Here are the things I'll cover for the Grid Drawing Method:
The grid drawing method, along with several other mechanical aids, have been used by artists for hundreds of years.
Many of these artists considered the use of the grid a trade secret. Leonardo da Vinci was just one of the many artists of his time who used the this method for developing an accurate outline of live subjects.
A frame with string or wire was tied horizontally and vertically in such a way as to create a grid. The device was placed between the artist and the model so that the artist could see the subject through the device, enabling the artist to transfer what he saw onto a grid that was drawn on to his paper. Directly in front of the artist's face there would be a kind of "sight" that he would put his nose up against. This would keep his line-of-sight consistent throughout the session. When he was finished with the outline he would complete his painting by using the outline as a kind of map.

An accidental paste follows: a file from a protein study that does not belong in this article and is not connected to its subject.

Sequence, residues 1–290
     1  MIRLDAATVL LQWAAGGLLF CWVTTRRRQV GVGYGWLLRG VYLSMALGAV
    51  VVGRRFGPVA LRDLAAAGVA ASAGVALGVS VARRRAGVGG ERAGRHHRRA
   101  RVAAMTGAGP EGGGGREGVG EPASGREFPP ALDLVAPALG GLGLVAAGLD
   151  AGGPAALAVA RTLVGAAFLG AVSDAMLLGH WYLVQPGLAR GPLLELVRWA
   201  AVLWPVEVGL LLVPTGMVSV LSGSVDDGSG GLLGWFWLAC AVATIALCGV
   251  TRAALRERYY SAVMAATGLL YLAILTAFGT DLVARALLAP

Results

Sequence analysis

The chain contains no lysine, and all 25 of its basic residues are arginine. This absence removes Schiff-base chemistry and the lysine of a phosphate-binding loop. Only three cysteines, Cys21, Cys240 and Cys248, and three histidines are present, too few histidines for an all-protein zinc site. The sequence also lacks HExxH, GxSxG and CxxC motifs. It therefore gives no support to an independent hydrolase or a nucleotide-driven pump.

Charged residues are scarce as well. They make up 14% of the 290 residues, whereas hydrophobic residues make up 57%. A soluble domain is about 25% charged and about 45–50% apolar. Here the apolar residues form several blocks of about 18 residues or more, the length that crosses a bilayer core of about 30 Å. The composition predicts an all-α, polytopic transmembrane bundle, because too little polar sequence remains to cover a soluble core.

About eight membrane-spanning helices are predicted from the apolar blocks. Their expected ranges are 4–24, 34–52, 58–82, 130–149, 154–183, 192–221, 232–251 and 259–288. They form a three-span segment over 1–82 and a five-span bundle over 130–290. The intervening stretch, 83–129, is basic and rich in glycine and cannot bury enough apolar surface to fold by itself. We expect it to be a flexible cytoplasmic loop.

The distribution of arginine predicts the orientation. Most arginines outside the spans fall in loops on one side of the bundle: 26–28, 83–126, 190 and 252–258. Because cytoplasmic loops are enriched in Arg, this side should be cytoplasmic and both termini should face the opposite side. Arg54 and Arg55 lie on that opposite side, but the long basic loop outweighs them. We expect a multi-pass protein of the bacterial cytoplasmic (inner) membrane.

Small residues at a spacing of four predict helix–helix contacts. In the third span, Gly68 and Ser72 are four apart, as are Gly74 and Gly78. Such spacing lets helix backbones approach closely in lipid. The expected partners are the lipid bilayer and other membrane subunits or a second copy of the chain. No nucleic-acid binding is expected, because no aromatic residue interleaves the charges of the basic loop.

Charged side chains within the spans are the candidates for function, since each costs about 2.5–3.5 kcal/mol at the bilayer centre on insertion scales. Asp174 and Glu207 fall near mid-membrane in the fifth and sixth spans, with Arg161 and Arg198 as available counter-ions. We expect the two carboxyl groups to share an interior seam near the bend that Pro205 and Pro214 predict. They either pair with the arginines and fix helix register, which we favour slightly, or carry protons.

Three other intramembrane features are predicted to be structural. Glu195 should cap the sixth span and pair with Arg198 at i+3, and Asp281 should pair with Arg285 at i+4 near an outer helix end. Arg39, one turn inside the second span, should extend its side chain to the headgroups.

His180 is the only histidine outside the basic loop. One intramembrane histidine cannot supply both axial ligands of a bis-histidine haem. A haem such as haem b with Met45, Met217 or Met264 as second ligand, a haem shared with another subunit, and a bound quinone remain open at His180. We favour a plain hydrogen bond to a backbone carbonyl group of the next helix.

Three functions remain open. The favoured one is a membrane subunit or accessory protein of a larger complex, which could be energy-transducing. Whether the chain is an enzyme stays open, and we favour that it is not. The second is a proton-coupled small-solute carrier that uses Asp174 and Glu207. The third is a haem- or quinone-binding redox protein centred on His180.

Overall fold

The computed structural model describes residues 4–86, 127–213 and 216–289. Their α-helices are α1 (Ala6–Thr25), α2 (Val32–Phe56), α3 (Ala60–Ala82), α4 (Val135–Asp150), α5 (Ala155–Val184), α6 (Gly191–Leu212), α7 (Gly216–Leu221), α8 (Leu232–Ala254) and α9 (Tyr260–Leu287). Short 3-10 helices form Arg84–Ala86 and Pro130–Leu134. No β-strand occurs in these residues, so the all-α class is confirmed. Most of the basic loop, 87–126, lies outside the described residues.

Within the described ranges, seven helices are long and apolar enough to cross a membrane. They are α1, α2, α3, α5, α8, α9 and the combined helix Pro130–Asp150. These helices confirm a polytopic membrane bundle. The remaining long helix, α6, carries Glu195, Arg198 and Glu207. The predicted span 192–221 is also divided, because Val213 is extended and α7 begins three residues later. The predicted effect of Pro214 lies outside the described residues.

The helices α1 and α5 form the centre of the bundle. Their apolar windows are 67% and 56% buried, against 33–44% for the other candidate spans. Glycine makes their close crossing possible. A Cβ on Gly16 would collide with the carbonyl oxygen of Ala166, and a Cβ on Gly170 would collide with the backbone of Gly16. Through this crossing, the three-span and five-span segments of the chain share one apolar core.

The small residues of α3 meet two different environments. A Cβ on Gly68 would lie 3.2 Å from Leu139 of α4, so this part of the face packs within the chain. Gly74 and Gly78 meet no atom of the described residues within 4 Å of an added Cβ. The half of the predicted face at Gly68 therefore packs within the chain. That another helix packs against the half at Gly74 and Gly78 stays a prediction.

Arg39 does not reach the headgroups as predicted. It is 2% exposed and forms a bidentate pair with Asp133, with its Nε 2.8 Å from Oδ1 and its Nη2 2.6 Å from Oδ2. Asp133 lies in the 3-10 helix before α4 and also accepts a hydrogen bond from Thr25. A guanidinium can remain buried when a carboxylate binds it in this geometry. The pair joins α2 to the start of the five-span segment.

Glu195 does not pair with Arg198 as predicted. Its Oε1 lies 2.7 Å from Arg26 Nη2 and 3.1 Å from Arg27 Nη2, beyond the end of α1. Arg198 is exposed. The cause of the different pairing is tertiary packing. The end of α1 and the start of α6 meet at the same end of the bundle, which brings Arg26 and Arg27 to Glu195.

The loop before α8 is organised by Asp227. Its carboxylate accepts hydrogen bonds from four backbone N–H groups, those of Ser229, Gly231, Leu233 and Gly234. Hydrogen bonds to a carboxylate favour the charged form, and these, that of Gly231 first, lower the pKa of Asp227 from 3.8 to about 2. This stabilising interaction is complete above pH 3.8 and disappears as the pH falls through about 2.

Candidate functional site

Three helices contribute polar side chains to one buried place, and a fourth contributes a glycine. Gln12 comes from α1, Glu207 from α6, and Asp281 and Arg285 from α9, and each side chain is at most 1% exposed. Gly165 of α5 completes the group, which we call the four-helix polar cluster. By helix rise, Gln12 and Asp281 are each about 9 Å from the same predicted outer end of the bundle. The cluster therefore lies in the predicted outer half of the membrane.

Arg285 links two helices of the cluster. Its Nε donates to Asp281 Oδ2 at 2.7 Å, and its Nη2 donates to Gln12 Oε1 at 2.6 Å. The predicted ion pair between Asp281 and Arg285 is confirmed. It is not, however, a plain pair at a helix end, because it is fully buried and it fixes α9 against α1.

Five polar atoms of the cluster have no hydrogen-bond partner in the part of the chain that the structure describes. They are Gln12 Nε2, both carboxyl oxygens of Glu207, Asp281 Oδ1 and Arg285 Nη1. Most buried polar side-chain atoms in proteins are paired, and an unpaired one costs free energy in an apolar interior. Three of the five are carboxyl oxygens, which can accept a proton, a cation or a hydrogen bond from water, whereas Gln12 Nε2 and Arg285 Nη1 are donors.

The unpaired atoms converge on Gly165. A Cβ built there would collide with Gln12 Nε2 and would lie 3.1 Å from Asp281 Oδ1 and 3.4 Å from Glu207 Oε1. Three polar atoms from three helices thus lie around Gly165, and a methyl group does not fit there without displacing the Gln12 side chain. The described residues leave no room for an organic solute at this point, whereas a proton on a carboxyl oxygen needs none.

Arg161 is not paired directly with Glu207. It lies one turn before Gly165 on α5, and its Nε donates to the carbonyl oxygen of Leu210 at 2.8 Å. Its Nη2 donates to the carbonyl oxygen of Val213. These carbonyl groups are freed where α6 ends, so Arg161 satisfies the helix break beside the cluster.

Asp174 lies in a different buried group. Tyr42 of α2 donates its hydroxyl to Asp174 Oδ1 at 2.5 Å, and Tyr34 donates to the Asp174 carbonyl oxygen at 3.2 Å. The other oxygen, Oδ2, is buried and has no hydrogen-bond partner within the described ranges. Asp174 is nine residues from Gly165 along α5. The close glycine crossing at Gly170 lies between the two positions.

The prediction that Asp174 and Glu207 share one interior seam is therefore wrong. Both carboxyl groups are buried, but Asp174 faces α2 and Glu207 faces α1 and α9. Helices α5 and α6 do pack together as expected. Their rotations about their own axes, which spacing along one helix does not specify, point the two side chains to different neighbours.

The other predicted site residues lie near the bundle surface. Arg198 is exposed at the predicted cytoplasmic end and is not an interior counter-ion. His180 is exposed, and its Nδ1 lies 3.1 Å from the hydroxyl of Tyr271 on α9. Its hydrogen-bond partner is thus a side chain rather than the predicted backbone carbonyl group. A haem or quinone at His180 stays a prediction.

You can actually still get a modern version of this device called the The Dürer Grid.
The method we'll use here is a variation of the method that was used by the masters. Whether you're drawing cartoons, animals, flowers or faces... the grid method is the most accessible way of drawing an outline.
Be prepared to hear other so-called artists insist that those who use this method, or any other drawing aid for that matter, are in some way "cheating". I'm not sure what their motivation for this might be. You might ask them to do some research on the subject before sharing any opinions on the subject. I don't imagine that they would call Leonardo da Vinci a "cheater".
After using a grid to create an outline, it's then just a matter of completing your piece using whatever medium you prefer.
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